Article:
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Kathi Schulz An interview by Francis Quettier and Dora Tennant

Hello Kathi and welcome to this special edition of Women Cinemakers: before starting to elaborate about your artistic production would you like to tell us something about your background? Please tell us about your trajectory as a video maker: what did inspire you to express yourself in this medium? As long as I can remember I was always painting and writing. When I started studying and got more serious about making art I quickly noticed that both of these mediums had certain boundaries. Even when I tried to push it to the very limit I was unable overcome these lines. There were certain things that I could not to express by purely painting or writing. I was not able articulate myself fully. Before I even managed to figure out what kept me from doing so I started filming. I felt this strong urge to capture a moving image. The possibility to entrap the smallest motion for ever seemed so tempting, it was impossible to resist.

Filming was a new way of communicating for me. I immediately knew that it was giving my work a profoundness which I was not able to reach beforehand. It also helped me to see and understand what I was interested in and what my work was all about. Sometimes I feel the same way about filming, there is a restriction to this medium for me, too. So I switch back to painting. Mostly both is happening simultaneously. I tend to choose the medium intuitively depending on what I want to express or communicate, even though a lot of times I am not able to exactly define it when I start. Moreover I don’t consider it as necessary. I do not see my paintings and my films separately from each other as one strongly influences the other. Seemingly this correlation is really important for my work. For this special edition of Women Cinemakers we have selected Sequence One, an interesting video that our readers have already started to get to know in the introductory pages of this article. What has at once captured our attention of your inquiry into the impossibility to express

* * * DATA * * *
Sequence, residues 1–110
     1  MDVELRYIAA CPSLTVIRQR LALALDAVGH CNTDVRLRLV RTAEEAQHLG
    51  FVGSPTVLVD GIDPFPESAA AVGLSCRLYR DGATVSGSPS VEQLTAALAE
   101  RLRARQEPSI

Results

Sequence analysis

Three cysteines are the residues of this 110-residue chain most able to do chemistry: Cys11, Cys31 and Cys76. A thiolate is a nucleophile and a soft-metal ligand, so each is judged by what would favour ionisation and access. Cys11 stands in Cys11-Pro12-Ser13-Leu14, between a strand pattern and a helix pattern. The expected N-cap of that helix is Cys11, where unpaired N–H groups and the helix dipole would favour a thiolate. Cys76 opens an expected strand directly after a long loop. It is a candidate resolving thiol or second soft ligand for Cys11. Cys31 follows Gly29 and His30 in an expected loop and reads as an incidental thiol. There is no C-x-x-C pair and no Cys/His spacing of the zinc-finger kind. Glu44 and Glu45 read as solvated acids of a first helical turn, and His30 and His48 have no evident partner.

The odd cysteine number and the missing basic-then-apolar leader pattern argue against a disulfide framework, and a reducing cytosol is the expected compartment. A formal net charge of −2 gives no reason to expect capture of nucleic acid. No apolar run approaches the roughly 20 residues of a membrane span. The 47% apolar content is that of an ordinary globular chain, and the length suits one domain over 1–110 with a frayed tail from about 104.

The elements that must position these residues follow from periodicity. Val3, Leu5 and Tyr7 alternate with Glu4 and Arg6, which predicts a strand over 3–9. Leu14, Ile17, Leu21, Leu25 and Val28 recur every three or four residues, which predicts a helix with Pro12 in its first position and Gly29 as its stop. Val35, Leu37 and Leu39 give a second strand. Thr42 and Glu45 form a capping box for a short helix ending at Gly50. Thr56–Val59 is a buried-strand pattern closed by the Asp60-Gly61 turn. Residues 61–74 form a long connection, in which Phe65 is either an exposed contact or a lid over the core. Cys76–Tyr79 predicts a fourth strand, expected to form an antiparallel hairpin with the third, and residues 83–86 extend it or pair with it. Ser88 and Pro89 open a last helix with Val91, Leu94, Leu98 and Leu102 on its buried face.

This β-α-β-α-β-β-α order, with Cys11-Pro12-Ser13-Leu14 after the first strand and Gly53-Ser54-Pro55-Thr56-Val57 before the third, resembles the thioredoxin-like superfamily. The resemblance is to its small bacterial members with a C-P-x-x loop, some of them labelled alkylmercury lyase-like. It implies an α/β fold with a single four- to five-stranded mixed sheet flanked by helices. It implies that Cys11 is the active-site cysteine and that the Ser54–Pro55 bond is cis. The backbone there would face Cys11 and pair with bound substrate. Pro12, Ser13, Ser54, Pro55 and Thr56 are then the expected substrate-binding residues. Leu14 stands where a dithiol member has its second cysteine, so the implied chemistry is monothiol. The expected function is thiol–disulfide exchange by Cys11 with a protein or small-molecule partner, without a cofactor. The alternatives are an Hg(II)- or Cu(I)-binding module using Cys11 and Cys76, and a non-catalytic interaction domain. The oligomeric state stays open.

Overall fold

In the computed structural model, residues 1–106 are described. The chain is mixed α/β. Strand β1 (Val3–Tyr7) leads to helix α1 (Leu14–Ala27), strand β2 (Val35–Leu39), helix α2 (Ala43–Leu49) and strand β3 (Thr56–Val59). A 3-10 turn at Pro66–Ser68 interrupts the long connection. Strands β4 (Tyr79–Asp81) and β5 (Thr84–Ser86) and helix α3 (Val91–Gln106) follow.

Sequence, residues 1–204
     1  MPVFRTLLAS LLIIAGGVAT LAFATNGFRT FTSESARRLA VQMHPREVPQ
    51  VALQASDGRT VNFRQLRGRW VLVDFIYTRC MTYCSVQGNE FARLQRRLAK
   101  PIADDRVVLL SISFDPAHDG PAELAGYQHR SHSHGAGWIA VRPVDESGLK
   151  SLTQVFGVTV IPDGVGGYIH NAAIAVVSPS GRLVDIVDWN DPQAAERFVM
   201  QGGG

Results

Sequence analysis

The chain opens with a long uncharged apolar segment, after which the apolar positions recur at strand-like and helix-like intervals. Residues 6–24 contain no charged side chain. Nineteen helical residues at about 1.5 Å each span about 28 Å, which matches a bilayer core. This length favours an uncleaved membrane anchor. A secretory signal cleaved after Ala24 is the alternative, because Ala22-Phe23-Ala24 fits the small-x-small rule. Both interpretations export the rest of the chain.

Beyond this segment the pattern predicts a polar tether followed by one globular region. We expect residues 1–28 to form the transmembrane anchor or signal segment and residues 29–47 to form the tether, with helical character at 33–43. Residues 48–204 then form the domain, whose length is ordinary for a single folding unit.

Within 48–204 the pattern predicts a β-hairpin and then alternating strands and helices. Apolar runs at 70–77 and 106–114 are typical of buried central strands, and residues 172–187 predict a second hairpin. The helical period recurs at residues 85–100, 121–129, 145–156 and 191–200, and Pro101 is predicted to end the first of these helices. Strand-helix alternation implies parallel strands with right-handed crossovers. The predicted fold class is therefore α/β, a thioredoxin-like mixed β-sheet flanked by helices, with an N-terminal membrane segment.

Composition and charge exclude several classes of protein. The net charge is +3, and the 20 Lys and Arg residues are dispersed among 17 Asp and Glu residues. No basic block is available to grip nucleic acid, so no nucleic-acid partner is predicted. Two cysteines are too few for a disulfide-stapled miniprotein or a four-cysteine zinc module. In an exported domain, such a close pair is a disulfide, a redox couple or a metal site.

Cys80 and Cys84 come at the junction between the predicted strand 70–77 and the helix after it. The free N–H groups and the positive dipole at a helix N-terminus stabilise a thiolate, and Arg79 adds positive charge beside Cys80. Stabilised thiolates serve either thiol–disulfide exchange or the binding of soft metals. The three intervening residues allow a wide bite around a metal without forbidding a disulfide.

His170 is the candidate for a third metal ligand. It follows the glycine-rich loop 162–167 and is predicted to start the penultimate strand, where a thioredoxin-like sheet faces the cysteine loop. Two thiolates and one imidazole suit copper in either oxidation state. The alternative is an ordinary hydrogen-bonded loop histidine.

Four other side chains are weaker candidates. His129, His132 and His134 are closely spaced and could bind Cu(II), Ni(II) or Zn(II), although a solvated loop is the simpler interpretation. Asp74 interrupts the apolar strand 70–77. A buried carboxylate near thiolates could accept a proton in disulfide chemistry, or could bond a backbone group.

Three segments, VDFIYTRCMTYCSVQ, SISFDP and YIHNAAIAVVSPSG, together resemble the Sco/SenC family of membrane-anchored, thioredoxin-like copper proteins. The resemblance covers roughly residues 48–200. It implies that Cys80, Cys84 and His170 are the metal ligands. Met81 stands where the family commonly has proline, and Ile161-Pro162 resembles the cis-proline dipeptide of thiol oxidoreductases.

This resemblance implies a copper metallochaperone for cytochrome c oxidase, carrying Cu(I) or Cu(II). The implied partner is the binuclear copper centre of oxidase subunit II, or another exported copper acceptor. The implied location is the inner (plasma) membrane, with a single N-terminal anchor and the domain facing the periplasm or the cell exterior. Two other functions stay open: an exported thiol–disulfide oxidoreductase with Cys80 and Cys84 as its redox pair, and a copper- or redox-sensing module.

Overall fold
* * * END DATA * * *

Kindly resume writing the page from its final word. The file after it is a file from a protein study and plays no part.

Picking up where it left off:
Profile for Women Cinemakers Press

Women CineMakers, Special Edition, vol 6  

Women CineMakers, Special Edition, vol 6  

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